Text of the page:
*Entrepreneur Horace Dobbins.  Dobbins proposed an elevated bikeway between Pasadena and Los Angeles, some of which was built.  His beautiful and innovative home was near the top of Lincoln Avenue.

*Tennis great Stan Smith, who trained at the Altadena Town and Country Club, winner of the 1971 U.S. Open and 1972 Wimbledon, and LPGA golfer Mo Martin, winner of the 2014 Women’s British Open.

*Mary Colter.  One of America’s first and most celebrated female architects, designing and overseeing construction of iconic tourist attractions and hotels at the Grand Canyon and throughout the Southwest. 

*Famed seismologist Charles Richter; legendary astronomer George Ellery Hale; and brilliant physicist, exuberant adventurer and best-selling author Richard Feynman.

*Octavia Butler.  A science fiction writer who received a MacArthur Foundation Genius Grant in 1995 and was a PEN Lifetime Achievement Award winner, Butler’s work is still selling.

*Johnny Otis. Called “The King of Rock and Roll” and “Godfather of Rhythm and Blues,” he was a singer, musician, composer, arranger, bandleader, talent scout, disk jockey, record producer, television show host, artist, author, journalist, minister and impresario.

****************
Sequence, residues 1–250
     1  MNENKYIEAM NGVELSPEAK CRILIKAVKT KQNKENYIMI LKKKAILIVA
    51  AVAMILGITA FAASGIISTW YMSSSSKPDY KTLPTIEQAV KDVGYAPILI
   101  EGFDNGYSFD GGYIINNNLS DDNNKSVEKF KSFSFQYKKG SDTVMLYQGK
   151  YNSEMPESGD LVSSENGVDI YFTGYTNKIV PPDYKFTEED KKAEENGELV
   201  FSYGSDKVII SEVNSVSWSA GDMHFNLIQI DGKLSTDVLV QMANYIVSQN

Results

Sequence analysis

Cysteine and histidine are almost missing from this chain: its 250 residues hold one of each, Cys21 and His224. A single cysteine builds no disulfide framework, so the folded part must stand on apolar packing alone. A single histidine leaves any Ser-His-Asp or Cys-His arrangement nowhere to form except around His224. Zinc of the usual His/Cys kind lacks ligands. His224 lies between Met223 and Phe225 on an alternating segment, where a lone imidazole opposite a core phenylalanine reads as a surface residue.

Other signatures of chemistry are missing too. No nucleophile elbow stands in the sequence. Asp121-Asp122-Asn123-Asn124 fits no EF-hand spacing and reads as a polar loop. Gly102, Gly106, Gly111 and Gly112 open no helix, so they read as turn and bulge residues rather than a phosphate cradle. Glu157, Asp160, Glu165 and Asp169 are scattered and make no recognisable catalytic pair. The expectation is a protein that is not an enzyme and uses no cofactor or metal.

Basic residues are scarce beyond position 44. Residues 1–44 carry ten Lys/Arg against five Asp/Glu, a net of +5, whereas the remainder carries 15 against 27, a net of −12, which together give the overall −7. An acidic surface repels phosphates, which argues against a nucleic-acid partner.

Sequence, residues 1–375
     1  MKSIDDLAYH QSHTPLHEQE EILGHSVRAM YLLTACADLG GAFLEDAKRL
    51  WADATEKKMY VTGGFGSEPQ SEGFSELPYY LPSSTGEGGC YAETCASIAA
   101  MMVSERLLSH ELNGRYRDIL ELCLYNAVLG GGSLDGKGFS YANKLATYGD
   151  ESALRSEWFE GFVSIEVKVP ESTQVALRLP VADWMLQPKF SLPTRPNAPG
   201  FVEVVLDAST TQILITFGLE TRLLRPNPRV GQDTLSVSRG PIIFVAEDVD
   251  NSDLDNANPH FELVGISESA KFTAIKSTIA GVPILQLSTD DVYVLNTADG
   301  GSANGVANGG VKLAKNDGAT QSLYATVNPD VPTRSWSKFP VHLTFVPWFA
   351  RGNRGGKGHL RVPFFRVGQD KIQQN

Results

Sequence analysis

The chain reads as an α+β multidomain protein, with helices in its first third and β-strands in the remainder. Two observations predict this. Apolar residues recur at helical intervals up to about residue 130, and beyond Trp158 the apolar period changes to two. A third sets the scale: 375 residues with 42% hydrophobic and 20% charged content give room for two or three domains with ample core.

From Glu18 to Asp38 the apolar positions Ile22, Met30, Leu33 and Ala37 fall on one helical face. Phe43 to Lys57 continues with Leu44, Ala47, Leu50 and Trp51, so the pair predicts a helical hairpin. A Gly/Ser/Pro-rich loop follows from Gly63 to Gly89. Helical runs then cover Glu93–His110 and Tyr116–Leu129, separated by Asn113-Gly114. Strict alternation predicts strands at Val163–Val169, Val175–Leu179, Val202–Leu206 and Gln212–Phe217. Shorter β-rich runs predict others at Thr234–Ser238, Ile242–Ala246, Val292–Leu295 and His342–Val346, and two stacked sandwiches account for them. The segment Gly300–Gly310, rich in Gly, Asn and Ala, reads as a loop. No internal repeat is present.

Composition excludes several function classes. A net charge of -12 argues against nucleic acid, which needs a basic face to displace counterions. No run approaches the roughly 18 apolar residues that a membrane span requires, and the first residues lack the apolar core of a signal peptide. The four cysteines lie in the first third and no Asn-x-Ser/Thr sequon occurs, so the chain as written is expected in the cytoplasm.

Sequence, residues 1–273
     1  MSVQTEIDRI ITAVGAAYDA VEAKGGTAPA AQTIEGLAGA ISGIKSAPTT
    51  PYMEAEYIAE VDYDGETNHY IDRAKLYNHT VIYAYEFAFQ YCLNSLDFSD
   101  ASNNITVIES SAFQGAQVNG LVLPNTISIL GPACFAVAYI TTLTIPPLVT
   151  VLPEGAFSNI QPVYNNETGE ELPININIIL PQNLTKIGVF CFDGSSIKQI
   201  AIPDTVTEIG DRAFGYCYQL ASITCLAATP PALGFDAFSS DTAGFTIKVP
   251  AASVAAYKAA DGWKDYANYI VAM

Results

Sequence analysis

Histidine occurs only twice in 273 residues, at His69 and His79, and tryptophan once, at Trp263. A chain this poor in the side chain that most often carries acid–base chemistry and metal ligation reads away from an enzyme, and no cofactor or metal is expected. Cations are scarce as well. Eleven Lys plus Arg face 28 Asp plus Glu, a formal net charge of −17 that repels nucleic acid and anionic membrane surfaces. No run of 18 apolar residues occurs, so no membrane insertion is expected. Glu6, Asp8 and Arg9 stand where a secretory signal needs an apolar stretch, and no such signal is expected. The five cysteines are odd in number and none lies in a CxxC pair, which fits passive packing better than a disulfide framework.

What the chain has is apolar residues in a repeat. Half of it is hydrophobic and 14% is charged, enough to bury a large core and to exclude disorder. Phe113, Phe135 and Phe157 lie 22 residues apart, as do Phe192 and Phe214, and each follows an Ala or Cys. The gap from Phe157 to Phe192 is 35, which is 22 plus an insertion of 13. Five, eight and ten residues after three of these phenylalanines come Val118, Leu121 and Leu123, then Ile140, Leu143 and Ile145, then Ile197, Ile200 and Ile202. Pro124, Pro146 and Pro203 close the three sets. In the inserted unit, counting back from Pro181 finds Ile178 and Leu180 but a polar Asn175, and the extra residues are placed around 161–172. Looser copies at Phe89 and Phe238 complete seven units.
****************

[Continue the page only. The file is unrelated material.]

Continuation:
Society President Jane Brackman said the most frequent comments overheard from people viewing the exhibit are “No kidding!,” “Oh, really!!,” and “Come look at this!,” which is her invitation to the public: “Come look at this!”
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The Altadena Historical Society was founded in 1935 and is a tax-exempt non-profit whose mission is to gather, preserve and present information about the people, places and events that have shaped the community.